So much has been made of the Packers’ practice location this week. The media’s acting as if Green Bay has never practiced in an indoor facility before the way they’re talking about the digs at Highland Park High School.
The high school’s indoor all-sports facility, home to the Packers’ practices this week after the Dallas weather turned into Green Bay’s, is quite nice, sure enough. You’ve seen it on SportsCenter by now, I’m sure. The MPF (multi-purpose facility, as it’s called on campus) is less than a year old and has a 90-yard football field with room to spare on the sidelines. It has two batting cages that drop down from the ceiling, soccer lines painted onto the field (soccer’s a spring sport in Texas), a dynamic sound system, and even the marching band and drill teams have practiced in there.
It rivals any college or pro facility, and is nicer than the one at well-known Southlake Carroll High School where the Dallas Cowboys practice during sloppy weather. But the media’s been carried away on this. Yes, it had a $4.7 million price tag – a lot of money on anyone’s ledger. It’s arguably the nicest indoor facility in the region, and it’s regarded as the largest. Which is probably why the Packers are working out there rather than one of the other 35 facilities at high schools in the area.
That’s right, there are 36 high schools in the Dallas-Fort Worth area that have indoor facilities of some sort. So let’s not go nuts on the cost of Highland Park’s MPF. It was raised with private funds – the Highland Park Booster Club gave an even $1 million, saved up over a 10-year period, to help the construction get started.
That’s the part of the story that the media has left out. I have to defend the ol’ alma mater on this one. Yes, Highland Park is the former stomping grounds of Doak Walker, Bobby Layne, Clayton Kershaw, Matthew Stafford . . . and me. Please notice I placed myself last on that short list on purpose. Everyone knows we love our football in Texas. But it’s not like they skipped out on new textbooks for the kids, laid off 100 teachers and serve Spam in the cafeteria in order to build an indoor practice palace.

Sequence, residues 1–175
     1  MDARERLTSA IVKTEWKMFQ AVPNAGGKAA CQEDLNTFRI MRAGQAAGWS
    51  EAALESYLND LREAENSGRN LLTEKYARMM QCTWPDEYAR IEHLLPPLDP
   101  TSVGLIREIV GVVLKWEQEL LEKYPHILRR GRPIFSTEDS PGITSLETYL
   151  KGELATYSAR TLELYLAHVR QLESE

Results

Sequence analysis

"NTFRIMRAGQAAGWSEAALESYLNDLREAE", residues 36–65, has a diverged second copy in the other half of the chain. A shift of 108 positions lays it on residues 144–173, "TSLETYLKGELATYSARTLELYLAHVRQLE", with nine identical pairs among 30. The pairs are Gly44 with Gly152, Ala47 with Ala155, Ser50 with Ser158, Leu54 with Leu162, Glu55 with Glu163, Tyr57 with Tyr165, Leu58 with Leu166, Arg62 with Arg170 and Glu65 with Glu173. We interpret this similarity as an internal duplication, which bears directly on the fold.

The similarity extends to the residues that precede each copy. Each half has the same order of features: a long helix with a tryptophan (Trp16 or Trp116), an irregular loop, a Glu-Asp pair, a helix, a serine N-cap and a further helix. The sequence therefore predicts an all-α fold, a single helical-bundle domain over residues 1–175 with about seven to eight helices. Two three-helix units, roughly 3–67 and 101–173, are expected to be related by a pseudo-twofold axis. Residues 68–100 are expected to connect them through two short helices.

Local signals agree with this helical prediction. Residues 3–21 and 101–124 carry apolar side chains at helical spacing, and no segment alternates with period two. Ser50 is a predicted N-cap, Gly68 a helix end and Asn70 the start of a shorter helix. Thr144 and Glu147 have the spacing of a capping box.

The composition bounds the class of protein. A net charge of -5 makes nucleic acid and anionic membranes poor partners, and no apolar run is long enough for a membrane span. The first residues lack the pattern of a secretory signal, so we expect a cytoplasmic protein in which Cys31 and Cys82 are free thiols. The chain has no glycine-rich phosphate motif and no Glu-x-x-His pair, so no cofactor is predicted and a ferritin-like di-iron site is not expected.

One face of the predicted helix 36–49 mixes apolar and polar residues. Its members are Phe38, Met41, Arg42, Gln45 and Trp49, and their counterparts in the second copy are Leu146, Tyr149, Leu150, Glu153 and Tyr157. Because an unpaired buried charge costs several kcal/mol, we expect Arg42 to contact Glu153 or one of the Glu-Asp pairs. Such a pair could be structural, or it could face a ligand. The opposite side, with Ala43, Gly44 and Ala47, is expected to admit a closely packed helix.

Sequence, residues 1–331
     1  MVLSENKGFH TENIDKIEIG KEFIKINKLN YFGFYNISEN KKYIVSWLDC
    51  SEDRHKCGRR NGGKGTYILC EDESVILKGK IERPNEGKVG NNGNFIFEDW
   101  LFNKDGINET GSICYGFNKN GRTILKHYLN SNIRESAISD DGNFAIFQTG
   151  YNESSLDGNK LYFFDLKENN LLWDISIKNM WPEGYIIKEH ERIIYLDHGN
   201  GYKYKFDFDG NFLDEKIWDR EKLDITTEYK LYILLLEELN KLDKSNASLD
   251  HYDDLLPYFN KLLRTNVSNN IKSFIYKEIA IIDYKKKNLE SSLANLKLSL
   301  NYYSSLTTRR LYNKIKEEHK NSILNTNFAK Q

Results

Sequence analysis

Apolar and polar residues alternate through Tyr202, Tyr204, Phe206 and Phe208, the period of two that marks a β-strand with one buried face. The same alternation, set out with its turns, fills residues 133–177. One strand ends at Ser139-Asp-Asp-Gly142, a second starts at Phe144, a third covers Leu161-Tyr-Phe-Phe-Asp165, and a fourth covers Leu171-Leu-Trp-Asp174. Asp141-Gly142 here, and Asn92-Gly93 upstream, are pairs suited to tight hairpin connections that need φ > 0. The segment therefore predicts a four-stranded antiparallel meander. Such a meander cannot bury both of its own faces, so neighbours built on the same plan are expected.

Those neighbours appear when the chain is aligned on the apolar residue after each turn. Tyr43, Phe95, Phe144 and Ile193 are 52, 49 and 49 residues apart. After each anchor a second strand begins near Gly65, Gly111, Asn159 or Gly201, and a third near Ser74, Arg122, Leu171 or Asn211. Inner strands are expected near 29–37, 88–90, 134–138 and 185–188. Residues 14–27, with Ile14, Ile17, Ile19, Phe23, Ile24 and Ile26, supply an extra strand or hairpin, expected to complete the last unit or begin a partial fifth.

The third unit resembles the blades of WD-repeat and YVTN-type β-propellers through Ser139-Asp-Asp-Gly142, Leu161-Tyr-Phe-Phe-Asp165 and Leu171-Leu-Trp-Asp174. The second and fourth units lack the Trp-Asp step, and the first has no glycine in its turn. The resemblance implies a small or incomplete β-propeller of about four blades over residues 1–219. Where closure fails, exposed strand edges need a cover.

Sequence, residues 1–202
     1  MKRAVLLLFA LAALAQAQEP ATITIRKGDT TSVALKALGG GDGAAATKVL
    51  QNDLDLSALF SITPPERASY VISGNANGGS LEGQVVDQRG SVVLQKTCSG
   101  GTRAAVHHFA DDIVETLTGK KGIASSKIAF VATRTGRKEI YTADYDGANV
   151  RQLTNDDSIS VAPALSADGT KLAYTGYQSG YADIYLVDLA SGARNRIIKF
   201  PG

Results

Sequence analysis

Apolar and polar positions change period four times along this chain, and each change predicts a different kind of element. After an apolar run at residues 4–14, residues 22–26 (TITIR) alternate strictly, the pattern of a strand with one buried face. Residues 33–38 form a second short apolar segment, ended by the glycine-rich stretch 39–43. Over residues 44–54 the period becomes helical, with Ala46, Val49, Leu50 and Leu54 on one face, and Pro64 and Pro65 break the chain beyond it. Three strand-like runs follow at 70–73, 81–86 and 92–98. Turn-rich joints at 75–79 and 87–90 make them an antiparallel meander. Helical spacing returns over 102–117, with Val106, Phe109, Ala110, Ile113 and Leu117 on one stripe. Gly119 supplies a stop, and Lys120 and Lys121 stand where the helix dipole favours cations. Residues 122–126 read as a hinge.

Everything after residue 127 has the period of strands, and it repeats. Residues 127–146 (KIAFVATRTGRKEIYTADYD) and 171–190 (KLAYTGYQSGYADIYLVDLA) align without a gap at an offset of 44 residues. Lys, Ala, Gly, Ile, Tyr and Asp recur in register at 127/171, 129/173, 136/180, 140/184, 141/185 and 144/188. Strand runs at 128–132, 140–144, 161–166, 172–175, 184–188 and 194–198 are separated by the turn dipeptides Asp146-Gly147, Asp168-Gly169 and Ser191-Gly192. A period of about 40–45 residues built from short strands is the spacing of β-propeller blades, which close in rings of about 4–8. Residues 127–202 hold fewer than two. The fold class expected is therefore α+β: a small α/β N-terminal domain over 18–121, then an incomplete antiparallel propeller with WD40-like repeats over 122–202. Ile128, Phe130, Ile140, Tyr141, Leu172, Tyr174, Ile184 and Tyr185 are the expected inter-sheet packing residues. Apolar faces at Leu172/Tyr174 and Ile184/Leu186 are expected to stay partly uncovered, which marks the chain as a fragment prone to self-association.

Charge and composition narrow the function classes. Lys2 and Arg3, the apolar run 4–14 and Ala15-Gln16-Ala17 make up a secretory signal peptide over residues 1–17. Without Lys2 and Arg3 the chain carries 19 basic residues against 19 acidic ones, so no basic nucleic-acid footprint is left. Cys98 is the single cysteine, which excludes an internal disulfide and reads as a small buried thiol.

Highland Park’s is the latest of the area’s 36 facilities to be built, although more are sure to come. It’s been cool to see the place on SportsCenter, and Highland Park’s received plenty of positive pub from Green Bay’s visit. But enough’s enough. Remember everyone – private donations. That’s $4.7 million in personal checks donated to the cause, and they even left out the air conditioner, not that anyone’s looking for cooler air this week as the North Pole blows through. (Why leave out the $300,000 air conditioning system when they’ve already spent $4.47 million? But I digress.)
I just had to get that off my chest and defend my alma mater lest the media blow out rumors that the priorities are out of whack there. They’ve got it right at Highland Park – academics first, then football second, and third, and fourth and fifth.
But who’s counting.
About the Author
Written by Scott Farrell
Scott Farrell is the publisher of ScotSports.com in Dallas, Texas. He is a former sports writer for The Dallas Morning News, and also works as a freelance statistician for TV sports productions, most recently for ESPN at the 2011 BCS National Championship Game. Farrell has covered high school sports in Dallas for 21 years, and has also worked in athletic media relations at SMU, Fresno State and Texas-Arlington. He won Best Sports Coverage Awards from the Texas Press Association three times and Best Sports Writing once. He is a member of the Football Writers Association of America and the U.S. Basketball Writers Association.